In another sign that we have a new administration, the United States granted temporary protected status (TPS) to Venezuelans on Tuesday. Former President Donald Trump repeatedly worked to end TPS status for those in the U.S. from Sudan, Nicaragua, Haiti, Honduras, and El Salvador, but President Joe Biden has responded to the humanitarian crisis in Venezuela by announcing via executive order that Venezuelans who were in the country as of Monday would have 180 days to go through the process of applying for TPS, which would allow them stay with legal status.
According to Homeland Security Secretary Alejandro N. Mayorkas, “The living conditions in Venezuela reveal a country in turmoil, unable to protect its own citizens. It is in times of extraordinary and temporary circumstances like these that the United States steps forward to support eligible Venezuelan nationals already present here, while their home country seeks to right itself out of the current crises.”
Conditions have deteriorated in Venezuela under President Nicolás Maduro, which has prompted more than four million people to flee the country and the poverty, hunger, and repression experienced there. President Trump recognized the severity of the situation and as one of his last acts signed an executive order that deferred removal proceedings for 18 months for Venezuelans in the U.S. without authorization. Before that, Senate Republicans had blocked the Venezuela TSP Act of 2019 for more than a year.
The extension of TPS to Venezuelans is a step up from the Trump solution, but it only came after Venezuela’s neighbor Colombia made a similar decision first. In the first week of March, Colombia's president, Ivan Duque, extended TPS to Venezuelans in the country and created a path to citizenship for those that wish to stay. In an interview with NPR’s Ari Shapiro, Duque explained that he did so in part to prompt other world leaders to take action, and because the step is good business.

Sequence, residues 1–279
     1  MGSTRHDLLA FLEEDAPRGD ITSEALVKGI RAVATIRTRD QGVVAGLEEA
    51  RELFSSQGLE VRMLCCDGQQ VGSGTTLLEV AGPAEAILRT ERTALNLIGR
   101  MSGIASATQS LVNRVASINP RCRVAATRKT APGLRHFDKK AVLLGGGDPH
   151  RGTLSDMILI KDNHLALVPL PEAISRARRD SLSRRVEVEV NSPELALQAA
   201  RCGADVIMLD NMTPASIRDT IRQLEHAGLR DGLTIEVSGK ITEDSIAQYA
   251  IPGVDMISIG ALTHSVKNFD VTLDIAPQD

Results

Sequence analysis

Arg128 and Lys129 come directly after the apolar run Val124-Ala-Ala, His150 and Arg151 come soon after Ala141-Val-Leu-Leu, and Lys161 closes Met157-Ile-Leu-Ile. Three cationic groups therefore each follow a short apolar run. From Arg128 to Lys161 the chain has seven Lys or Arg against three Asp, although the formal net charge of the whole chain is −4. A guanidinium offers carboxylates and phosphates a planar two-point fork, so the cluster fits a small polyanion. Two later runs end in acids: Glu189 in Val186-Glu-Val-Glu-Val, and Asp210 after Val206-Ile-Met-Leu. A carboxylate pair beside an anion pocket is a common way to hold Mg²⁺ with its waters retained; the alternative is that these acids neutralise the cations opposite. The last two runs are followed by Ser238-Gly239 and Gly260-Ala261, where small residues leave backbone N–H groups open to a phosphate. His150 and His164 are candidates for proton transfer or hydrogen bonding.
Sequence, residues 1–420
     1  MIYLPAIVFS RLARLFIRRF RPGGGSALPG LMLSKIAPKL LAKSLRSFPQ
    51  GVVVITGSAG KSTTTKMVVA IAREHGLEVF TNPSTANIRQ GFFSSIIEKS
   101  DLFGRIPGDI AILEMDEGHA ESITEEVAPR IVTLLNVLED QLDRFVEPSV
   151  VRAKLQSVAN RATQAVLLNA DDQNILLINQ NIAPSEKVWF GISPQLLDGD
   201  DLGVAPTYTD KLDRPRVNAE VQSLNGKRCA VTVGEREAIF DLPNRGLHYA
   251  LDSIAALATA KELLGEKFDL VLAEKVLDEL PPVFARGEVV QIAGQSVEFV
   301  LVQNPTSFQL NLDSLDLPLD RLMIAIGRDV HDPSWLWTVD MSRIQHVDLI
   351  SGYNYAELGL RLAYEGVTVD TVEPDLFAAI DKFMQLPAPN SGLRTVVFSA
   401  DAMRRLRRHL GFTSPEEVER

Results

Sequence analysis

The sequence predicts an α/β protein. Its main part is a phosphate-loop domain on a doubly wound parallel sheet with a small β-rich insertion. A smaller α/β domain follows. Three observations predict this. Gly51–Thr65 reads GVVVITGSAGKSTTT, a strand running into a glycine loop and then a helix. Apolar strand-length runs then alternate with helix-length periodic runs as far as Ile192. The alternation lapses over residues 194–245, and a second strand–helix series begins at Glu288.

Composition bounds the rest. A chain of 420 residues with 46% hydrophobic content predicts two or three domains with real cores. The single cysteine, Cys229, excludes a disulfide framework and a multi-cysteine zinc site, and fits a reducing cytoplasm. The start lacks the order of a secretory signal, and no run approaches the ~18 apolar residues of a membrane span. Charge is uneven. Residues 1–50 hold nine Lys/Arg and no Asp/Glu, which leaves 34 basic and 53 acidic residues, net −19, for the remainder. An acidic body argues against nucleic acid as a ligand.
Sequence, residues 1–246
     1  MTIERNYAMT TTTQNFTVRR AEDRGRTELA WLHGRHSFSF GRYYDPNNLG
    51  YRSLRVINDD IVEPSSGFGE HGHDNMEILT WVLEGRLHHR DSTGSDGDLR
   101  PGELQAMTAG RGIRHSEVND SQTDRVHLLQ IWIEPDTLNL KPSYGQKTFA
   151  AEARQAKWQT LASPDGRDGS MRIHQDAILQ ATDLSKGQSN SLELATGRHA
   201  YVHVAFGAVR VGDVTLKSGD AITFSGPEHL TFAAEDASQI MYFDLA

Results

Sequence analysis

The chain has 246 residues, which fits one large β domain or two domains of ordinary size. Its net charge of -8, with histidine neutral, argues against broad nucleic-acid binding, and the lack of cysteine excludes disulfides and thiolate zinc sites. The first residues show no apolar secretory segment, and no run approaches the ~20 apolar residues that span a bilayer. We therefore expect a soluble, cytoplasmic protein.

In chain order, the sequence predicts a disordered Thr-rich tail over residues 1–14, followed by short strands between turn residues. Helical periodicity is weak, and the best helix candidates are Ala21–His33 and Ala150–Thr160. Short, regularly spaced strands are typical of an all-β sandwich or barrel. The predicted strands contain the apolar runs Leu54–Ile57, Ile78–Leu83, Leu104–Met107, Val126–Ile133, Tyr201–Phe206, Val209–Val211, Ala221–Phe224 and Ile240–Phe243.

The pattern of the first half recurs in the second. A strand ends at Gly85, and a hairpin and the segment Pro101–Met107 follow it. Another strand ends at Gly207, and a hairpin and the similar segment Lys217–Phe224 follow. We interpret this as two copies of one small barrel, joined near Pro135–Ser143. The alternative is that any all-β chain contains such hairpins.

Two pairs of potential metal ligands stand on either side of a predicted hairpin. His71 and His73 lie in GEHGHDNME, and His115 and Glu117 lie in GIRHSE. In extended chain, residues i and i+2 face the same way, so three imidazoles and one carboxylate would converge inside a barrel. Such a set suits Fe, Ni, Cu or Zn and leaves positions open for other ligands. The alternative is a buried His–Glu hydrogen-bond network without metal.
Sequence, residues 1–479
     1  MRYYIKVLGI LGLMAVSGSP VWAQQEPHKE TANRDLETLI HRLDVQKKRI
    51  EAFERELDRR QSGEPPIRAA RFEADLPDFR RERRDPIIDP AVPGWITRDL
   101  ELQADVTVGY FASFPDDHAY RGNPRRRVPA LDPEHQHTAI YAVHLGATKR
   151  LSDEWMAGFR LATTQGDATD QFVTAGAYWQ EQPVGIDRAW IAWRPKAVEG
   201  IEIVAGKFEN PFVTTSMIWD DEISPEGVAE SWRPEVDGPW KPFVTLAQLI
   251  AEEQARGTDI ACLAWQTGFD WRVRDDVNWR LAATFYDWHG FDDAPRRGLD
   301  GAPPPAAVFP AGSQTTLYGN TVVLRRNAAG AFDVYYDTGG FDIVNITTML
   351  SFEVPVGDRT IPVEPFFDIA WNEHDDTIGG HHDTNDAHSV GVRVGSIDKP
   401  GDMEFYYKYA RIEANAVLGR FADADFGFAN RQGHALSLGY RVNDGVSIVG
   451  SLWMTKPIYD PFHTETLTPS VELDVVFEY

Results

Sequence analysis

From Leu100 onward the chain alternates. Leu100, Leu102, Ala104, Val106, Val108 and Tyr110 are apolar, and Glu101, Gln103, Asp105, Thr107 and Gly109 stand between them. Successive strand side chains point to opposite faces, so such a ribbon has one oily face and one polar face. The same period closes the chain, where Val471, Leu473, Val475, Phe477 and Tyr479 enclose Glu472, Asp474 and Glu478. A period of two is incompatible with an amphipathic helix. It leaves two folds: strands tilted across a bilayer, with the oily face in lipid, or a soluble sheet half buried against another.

“We can do something that is humanitarian but, at the same time, that is an intelligent and sound migration policy because they will have to register,” he said in the interview. “But at the same time, once you regularize, well, people can open bank accounts. People can buy houses. People can work and can work legitimately without disturbing or disrupting the opportunities for the Colombian people.”
Those from Venezuela who are affected by the new executive order should consult with an experienced immigration lawyer to see how the decision might affect them, and to see if there is a path to more permanent status.
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